Date of Award

6-1-2014

Degree Type

Dissertation

Embargo Date

7-31-2015

Degree Name

Doctor of Philosophy (PhD)

Department

Political Science

Advisor(s)

Miriam F. Elman

Abstract

This study examines how change happens within Islamist organizations and what causal mechanisms underlie the adoption or abandonment of violent tactics. The project argues that ideological and tactical changes are determined by the interaction of five factors: founding principles, the extent to which government domestic and foreign policies are convergent with the vision of the group, regime policies towards the organization, public norms of resistance and organizational dynamics.

The analysis relies on process-tracing and counterfactual analysis to examine four case studies from Egypt and Indonesia: the Muslim Brotherhood, Al-Gama'a Al-Islamiyyah, the Darul Islam, and al-Jama'a al-Islamiyyah. The empirical investigation finds that the process of violent escalation is driven by the logic of grievances. Government repression, low policy convergence and salient threats to the Muslim community lead to escalating grievances. These grievances are aggravated by the pervasiveness of violent norms of resistance and by intra-organizational competition over authority. In such a context, any perceived external aggression can serve as a catalyst for violent escalation. There is a powerful slippery slope of politicization and militarization that can lead to the acceptance and adoption of violent tactics, as well as to a shift from foreign targets to domestic political actors and ultimately civilians. Revenge and fear, as well as a sense of mistrust of the government and betrayal by the national leadership are powerful causal mechanisms of violent escalation.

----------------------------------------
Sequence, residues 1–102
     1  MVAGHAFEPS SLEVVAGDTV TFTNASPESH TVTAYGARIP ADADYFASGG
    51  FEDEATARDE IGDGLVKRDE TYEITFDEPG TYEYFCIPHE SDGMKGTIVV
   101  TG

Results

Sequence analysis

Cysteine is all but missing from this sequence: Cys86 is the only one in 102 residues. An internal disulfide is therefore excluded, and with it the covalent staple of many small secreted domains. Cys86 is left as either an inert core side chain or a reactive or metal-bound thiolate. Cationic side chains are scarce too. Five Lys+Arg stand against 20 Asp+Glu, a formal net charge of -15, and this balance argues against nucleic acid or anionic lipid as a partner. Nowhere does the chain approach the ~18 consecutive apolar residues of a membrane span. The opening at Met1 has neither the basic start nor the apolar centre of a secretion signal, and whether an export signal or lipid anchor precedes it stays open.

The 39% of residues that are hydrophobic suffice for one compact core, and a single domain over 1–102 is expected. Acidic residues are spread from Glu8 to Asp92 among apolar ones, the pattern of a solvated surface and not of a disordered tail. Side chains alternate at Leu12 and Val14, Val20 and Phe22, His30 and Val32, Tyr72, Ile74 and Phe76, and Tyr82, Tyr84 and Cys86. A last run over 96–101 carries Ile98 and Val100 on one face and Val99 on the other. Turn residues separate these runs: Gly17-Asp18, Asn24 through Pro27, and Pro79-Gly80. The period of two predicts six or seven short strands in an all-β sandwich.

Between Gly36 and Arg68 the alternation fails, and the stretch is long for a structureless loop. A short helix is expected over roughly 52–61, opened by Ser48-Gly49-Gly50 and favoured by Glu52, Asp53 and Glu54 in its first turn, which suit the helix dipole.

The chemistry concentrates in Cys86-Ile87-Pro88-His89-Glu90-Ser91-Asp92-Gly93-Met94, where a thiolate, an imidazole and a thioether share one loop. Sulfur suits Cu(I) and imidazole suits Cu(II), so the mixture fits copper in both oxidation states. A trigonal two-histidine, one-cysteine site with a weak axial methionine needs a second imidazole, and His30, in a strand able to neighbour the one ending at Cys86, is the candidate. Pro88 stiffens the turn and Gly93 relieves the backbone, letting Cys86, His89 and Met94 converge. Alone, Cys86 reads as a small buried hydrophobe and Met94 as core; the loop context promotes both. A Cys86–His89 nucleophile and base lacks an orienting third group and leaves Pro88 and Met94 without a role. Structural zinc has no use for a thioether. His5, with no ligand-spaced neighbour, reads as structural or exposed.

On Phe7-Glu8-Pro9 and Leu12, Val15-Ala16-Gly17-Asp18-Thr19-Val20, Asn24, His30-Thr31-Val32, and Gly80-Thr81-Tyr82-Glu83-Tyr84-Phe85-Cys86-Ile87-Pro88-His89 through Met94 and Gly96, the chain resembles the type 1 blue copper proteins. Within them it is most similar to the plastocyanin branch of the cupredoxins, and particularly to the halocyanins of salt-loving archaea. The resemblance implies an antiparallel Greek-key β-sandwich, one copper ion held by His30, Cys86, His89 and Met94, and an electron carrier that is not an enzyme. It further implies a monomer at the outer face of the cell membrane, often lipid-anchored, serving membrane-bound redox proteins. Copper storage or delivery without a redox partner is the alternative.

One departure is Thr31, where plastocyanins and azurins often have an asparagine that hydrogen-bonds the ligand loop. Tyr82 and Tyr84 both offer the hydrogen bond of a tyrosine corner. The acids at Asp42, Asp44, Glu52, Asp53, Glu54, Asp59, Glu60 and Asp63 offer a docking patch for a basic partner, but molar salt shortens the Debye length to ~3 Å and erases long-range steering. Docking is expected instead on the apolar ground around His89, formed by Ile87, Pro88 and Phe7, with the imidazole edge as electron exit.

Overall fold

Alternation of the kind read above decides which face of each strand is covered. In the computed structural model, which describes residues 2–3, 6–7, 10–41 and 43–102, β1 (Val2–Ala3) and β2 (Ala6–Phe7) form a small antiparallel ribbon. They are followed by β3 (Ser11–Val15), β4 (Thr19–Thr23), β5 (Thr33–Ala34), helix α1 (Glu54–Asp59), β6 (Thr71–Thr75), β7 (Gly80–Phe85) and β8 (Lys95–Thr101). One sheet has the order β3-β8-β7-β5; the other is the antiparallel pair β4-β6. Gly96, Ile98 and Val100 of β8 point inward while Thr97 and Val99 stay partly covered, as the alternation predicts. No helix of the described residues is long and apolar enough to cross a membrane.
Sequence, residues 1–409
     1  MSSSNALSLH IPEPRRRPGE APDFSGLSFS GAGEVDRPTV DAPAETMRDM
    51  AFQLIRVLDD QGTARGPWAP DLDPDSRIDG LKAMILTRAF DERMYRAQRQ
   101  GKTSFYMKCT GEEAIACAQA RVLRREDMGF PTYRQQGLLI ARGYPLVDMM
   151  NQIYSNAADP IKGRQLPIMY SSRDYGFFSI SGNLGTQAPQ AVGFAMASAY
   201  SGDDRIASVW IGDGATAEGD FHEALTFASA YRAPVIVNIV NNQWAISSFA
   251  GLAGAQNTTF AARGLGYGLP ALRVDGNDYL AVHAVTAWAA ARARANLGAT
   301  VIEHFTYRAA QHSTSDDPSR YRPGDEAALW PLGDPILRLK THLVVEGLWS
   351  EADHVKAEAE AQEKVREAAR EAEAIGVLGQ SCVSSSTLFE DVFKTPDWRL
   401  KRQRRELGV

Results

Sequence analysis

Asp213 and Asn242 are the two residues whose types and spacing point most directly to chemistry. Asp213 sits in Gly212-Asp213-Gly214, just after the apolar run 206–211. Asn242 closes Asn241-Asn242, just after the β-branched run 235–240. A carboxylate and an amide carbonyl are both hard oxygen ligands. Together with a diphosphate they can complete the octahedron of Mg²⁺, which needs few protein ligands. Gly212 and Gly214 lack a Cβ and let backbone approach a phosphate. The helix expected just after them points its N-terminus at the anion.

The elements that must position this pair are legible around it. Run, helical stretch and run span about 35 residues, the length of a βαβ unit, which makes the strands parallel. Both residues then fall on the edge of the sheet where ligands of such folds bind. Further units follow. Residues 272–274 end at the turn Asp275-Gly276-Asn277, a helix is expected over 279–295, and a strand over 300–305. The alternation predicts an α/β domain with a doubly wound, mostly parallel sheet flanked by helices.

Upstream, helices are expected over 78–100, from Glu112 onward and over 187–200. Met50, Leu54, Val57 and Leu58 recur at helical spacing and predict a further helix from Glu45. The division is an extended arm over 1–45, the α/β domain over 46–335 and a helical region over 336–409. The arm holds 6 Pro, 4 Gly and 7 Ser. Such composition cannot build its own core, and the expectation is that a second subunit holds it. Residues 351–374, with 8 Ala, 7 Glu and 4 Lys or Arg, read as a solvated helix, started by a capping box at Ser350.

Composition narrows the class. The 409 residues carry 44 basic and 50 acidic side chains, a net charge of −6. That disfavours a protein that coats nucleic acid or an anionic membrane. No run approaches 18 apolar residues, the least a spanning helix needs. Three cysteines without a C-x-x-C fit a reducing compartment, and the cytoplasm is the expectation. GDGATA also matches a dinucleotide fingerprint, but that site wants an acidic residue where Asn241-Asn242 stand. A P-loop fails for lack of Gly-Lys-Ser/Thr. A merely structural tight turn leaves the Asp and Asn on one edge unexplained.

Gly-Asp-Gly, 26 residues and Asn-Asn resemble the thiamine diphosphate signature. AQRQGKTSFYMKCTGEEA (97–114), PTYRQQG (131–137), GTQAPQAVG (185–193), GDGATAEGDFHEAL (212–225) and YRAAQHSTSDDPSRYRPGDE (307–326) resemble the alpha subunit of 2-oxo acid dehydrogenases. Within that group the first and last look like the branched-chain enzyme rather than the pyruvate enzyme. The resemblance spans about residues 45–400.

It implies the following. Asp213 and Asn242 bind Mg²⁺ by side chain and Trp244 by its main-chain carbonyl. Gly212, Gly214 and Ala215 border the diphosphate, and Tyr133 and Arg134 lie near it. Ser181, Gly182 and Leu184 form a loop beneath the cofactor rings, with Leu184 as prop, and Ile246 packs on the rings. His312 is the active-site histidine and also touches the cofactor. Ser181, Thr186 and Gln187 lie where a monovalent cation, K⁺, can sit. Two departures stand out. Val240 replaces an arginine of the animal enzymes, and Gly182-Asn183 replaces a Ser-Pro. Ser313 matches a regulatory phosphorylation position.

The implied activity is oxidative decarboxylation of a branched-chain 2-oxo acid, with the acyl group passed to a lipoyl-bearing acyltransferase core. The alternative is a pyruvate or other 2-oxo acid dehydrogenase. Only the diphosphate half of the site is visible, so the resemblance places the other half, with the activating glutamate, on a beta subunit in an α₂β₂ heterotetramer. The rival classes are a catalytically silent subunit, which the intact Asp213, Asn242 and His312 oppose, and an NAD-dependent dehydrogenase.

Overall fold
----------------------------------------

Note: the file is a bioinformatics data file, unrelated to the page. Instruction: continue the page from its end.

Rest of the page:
De-escalation primarily follows the logic of disillusionment. An organizational crisis and widespread public condemnation of the group can lead to a re-evaluation of the cost of violence, and a re-thinking of the vision as a whole, which prompts the group to de-escalate its tactics. When groups have several exit options away from violence and public condemnation is not as acute, organizations may metamorphose into different entities that temporarily prioritize non-violent activism, without categorically rejecting violence as a possibility in the future.

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Open Access

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